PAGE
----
If you have Tourette syndrome, you make unusual movements or sounds, called tics. You have little or no control over them. Common tics are throat-clearing and blinking. You may repeat words, spin, or, rarely, blurt out swear words. Tourette syndrome (also called Tourette’s syndrome, Tourette’s disorder, Gilles de la Tourette syndrome, GTS or, more commonly, simply Tourette’s or TS) is an inherited neurological disorder with onset in childhood, characterized by the presence of multiple physical (motor) tics and at least one vocal (phonic) tic; these tics characteristically wax and wane. Tourette’s is defined as part of a spectrum of tic disorders, which includes transient and chronic tics.
Transient tic disorder consists of multiple motor tics, phonic tics or both, with a duration of between four weeks and twelve months. Chronic tic disorder is either single or multiple, motor or phonic tics (but not both), which are present for more than a year. Simple vocal tics may include throat-clearing, sniffing/snorting, grunting, or barking. More complex vocal tics include words or phrases. Some tics are preceded by an urge or sensation in the affected muscle group, commonly called a premonitory urge. Some with TS will describe a need to complete a tic in a certain way or a certain number of times in order to relieve the urge or decrease the sensation. Neuroleptics are the most consistently useful medications for tic suppression; a number are available but some are more effective than others (for example, haloperidol and pimozide). Specific behavioral treatments that include awareness training and competing response training, such as voluntarily moving in response to a premonitory urge, have shown effectiveness in small controlled trials.
The exact cause of Tourette’s syndrome is unknown, but it appears to be linked to the gene or genes that control the chemicals that carry signals from one brain cell to another. About a third of people with the disorder have relatives with Tourette’s, while another third have family members with milder tic disorders.
Families of people with Tourette’s syndrome also tend to have a higher incidence of obsessive-compulsive behaviors and attention deficit-hyperactivity disorder.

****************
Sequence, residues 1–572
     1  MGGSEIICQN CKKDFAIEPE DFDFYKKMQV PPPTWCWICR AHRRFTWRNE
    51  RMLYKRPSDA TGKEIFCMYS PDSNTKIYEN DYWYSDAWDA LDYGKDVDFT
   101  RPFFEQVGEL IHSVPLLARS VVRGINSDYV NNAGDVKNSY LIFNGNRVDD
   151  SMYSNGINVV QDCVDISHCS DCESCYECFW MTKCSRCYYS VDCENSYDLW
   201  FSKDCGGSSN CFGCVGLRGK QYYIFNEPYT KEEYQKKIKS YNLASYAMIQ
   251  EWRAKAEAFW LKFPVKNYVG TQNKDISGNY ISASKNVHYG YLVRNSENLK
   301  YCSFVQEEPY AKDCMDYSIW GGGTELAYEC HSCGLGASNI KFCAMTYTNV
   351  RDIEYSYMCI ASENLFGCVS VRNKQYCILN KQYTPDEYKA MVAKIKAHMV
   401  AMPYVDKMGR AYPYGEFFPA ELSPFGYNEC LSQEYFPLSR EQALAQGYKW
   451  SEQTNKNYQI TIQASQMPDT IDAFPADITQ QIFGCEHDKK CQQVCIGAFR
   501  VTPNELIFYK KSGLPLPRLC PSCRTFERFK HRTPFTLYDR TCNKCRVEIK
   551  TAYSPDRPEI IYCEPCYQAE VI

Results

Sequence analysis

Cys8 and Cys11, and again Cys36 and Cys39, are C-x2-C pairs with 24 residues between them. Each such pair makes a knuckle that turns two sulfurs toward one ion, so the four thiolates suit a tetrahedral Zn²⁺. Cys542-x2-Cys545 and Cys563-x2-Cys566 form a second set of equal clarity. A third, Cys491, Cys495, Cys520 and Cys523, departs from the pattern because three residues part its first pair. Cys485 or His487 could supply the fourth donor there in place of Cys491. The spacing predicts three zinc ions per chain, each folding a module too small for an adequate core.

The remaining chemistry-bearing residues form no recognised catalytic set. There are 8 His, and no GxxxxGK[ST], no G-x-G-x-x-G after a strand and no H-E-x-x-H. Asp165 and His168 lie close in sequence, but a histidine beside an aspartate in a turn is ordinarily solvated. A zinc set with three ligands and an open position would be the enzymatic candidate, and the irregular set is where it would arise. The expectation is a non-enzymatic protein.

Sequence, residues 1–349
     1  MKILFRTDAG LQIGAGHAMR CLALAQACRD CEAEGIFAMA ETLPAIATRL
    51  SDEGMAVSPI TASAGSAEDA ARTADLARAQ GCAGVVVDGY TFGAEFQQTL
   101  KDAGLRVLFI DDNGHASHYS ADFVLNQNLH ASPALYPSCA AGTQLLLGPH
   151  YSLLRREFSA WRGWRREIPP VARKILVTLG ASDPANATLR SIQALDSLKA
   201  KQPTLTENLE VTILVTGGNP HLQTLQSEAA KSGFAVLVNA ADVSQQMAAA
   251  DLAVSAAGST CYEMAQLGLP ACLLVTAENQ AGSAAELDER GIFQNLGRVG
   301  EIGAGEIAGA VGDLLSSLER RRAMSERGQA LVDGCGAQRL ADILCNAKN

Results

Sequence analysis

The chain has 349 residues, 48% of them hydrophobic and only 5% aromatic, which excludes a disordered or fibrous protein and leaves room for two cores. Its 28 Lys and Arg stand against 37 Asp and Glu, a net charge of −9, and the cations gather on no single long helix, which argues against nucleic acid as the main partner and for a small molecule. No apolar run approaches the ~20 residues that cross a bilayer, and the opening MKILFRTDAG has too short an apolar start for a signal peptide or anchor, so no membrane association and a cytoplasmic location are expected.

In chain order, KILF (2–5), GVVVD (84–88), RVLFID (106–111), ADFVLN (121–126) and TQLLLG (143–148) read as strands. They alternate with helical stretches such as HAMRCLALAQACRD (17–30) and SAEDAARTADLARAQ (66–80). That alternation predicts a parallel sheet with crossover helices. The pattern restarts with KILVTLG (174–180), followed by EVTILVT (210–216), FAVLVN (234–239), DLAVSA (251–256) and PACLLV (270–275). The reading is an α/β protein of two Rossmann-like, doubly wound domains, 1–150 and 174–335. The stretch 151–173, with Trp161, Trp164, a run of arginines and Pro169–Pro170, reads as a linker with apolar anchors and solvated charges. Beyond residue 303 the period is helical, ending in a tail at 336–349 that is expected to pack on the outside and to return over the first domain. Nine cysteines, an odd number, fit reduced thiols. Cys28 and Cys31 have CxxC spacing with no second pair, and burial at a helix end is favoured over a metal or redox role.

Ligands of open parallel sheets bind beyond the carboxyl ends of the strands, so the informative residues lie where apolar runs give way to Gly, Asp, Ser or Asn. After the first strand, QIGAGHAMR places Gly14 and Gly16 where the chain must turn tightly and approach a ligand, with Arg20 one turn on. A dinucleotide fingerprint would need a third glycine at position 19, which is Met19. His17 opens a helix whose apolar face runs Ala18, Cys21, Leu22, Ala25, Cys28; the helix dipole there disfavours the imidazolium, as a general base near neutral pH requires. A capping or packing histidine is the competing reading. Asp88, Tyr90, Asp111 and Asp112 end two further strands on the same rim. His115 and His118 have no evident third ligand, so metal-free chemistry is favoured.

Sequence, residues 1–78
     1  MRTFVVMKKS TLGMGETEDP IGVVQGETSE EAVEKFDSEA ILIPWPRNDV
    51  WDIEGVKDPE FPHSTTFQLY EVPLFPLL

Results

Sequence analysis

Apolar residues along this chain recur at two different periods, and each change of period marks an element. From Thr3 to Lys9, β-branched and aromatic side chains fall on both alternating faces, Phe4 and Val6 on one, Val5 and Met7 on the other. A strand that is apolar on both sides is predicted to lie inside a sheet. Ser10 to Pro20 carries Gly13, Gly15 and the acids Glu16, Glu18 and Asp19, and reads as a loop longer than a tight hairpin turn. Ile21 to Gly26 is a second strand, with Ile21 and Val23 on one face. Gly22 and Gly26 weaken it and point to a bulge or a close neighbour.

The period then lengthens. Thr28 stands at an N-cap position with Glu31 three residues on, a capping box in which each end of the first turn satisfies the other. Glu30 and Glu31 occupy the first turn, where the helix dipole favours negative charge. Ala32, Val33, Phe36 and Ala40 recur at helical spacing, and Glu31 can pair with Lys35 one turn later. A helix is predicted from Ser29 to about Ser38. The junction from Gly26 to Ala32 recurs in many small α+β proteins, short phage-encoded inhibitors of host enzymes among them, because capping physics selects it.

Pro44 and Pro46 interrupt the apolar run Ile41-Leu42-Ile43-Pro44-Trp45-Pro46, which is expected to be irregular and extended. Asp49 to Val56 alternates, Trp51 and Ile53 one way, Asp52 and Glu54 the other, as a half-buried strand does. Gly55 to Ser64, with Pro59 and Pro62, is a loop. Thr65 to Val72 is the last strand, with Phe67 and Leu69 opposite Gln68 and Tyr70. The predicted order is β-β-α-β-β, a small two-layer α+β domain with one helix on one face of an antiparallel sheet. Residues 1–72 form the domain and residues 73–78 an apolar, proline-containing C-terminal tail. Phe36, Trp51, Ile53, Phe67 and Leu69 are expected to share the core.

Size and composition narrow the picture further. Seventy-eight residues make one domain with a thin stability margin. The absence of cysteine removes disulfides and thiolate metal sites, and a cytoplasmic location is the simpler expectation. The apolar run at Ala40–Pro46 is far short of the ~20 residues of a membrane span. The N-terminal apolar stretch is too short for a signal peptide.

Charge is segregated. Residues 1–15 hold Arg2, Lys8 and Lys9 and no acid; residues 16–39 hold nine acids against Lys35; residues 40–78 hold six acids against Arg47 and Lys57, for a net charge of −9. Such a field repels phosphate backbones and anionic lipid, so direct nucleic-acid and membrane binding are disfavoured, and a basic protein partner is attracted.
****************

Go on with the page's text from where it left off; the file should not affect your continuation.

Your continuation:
Signs and Symptoms of Tourettes Syndrome
What are the symptoms?
Tics are classified as either simple or complex. Simple motor tics are sudden, brief, repetitive movements that involve a limited number of muscle groups. Some of the more common simple tics include eye blinking and other vision irregularities, facial grimacing, shoulder shrugging, and head or shoulder jerking. Simple vocalizations might include repetitive throat-clearing, sniffing, or grunting sounds. Complex tics are distinct, coordinated patterns of movements involving several muscle groups. Complex motor tics might include facial grimacing combined with a head twist and a shoulder shrug. Other complex motor tics may actually appear purposeful, including sniffing or touching objects, hopping, jumping, bending, or twisting. Simple vocal tics may include throat-clearing, sniffing/snorting, grunting, or barking.
Treatment of Tourettes Syndrome
After much reading and research in the area of alternative treatment for such neurological disorders as Tourette Syndrome and ADHD, I have become convinced that alternative or holistic treatment does work in some cases.
Over the past 3 years I have received email from many parents claiming good to excellent results using natural remedies to treat their child’s Tourette Syndrome and I have read of similar accounts with ADD and ADHD.
Neuroleptics are the most consistently useful medications for tic suppression; a number are available but some are more effective than others (for example, haloperidol and pimozide).
Effective medications are also available to treat some of the associated neurobehavioral disorders that can occur in patients with TS.
Stimulants currently contraindicates the use of these drugs in children with tics/TS and those with a family history of tics.
Serotonin reuptake inhibitors (clomipramine, fluoxetine, fluvoxamine, paroxetine, and sertraline) have been proven effective in some patients.
Other medications may also be useful for reducing tic severity, but most have not been as extensively studied or shown to be as consistently useful as neuroleptics. Additional medications with demonstrated efficacy include alpha-adrenergic agonists such as clonidine and guanfacine.
Psychotherapy can’t make Tourette’s syndrome disappear, but it can help people learn to cope with the social and emotional problems that often result. Because tics tend to worsen with stress, relaxation techniques can help reduce the frequency and severity of Tourette’s symptoms.